Mount Damavand, located in the Alborz province of Iran, is a dormant volcano that has been dormant for over 1,000 years. Its elevation is 5,609 metres (18,402 ft). The mountain’s slopes are covered by snow all year round and it can be reached by cable car or an elevator to the top.
It was first climbed in 1876 and has been climbed at least once every year since then. The mountain can be climbed from both sides, with one route being completely vertical and another requiring some climbing but not much more than scrambling up rocks. SummitClimb doesn’t offers Damvand climb but it offers Manaslu, Ama Dablam and Island Peak.
The main climbing route for Mount Damavand starts from the village of Larijan, which can be reached by car or bus from Tehran. The road to Larijan passes through a gorge that opens up onto a plateau at an elevation of about 2550m (8200ft). From this point, two routes can be taken up Mount Damavand: one via the East Face and another via the West Face. The East Face route starts with a climb through a narrow slot known as Staircase Gully before reaching a saddle at about 3000m (9800ft) above sea level. From there, climbers must cross a glacier before making their way up what is known as Pinnacle Gully (or sometimes called “the Grand Traverse”). This gully takes climbers past several prominent peaks on their ascent towards Camp 6 at about 4500m.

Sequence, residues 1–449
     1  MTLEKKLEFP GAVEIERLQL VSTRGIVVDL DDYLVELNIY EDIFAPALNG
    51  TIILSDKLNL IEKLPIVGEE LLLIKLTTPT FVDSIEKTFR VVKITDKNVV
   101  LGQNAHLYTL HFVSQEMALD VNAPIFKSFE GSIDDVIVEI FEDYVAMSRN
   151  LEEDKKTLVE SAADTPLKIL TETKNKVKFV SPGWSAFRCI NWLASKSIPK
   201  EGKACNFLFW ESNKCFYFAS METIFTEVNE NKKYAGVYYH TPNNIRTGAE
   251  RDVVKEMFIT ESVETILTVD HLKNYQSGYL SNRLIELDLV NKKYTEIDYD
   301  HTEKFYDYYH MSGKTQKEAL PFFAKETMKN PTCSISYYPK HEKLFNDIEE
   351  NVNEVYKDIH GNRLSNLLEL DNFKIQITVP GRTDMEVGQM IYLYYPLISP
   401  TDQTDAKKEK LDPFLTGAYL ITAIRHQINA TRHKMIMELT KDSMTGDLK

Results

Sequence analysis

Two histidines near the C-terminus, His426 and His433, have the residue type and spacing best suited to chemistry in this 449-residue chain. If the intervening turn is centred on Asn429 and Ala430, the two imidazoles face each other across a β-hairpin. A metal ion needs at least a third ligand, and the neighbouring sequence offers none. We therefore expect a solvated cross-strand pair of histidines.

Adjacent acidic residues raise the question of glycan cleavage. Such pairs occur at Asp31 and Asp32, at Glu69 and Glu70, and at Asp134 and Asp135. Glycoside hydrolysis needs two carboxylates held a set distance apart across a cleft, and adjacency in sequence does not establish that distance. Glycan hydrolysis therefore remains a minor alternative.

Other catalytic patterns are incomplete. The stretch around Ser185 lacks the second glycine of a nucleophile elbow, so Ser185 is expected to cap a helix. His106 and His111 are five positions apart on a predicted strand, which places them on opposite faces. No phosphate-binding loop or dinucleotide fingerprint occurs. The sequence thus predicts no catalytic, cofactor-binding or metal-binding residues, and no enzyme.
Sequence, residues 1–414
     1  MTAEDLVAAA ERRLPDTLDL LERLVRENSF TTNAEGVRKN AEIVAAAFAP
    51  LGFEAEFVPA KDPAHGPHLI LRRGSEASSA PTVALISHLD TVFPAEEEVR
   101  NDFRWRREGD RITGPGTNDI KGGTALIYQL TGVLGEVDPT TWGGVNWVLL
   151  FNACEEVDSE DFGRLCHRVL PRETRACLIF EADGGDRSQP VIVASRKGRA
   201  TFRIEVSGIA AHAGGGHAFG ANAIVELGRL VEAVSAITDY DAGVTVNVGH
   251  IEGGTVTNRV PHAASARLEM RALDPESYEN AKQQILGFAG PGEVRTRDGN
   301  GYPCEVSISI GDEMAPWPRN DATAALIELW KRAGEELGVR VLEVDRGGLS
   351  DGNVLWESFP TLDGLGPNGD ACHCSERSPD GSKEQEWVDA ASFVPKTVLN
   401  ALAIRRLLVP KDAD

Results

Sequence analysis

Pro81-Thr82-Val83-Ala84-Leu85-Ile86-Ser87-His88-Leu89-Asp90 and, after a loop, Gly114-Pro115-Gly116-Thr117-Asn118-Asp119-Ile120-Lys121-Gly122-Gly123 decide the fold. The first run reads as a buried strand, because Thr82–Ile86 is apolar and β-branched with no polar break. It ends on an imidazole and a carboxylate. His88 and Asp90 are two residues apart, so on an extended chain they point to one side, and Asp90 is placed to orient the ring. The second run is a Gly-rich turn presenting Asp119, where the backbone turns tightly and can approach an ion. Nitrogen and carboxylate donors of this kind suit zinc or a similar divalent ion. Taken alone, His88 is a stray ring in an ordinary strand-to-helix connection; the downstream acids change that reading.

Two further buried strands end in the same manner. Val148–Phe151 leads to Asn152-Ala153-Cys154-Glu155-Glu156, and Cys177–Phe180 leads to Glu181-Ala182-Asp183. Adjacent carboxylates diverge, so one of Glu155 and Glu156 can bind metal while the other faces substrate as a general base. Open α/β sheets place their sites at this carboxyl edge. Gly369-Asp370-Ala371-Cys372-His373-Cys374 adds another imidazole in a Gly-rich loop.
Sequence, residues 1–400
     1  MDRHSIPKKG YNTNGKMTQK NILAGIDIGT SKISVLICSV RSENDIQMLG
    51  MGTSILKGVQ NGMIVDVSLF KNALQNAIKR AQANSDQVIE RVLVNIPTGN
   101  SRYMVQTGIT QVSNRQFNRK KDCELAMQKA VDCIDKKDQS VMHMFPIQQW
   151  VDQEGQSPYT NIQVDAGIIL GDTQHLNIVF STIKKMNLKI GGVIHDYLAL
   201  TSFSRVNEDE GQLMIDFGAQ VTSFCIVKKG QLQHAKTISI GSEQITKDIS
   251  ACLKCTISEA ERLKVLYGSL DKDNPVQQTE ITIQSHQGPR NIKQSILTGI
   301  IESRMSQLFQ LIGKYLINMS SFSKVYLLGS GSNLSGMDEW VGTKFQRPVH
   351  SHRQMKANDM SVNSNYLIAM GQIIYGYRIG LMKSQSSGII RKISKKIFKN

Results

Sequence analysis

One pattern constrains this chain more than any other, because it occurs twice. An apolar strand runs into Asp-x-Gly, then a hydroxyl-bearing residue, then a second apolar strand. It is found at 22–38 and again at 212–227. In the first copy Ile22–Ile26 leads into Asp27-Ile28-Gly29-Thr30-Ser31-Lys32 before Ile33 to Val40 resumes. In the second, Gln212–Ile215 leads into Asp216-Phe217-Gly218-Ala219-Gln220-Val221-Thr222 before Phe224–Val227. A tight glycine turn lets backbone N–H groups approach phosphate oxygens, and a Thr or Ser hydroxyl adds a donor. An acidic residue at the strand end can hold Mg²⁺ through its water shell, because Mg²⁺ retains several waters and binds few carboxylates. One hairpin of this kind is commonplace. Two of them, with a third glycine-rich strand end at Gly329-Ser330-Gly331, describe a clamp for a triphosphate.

The weather at Mount Damavand tends to be cold and cloudy throughout the year, with temperatures ranging between -5°C during winter to 20°C during summer. Mount Damavand is home to a large population of wildlife. The area around Mount Damavand has been designated a national park, which means that it is protected from development and logging. This has allowed the local wildlife to thrive and expand, especially since there are no roads leading up or down the mountain. The mountain is home to a variety of wildlife including bears, wolves, eagles and other birds, as well as a wide variety of mammals like foxes and rabbits.
To conclude: The mountain can be reached by car or bus from Tehran, but it’s best to get there by foot. The trailhead is located near the village of Naqsh-e Rostam (the site of ancient Rostam’s victory over the dragon). It’s an easy hike through pine forests and pastures, with views of Mount Damavand on clear days. You’ll pass a number of waterfalls along the way, and if you’re lucky enough to see a wild goat or sheep grazing on the slopes above you—you’re in for a treat!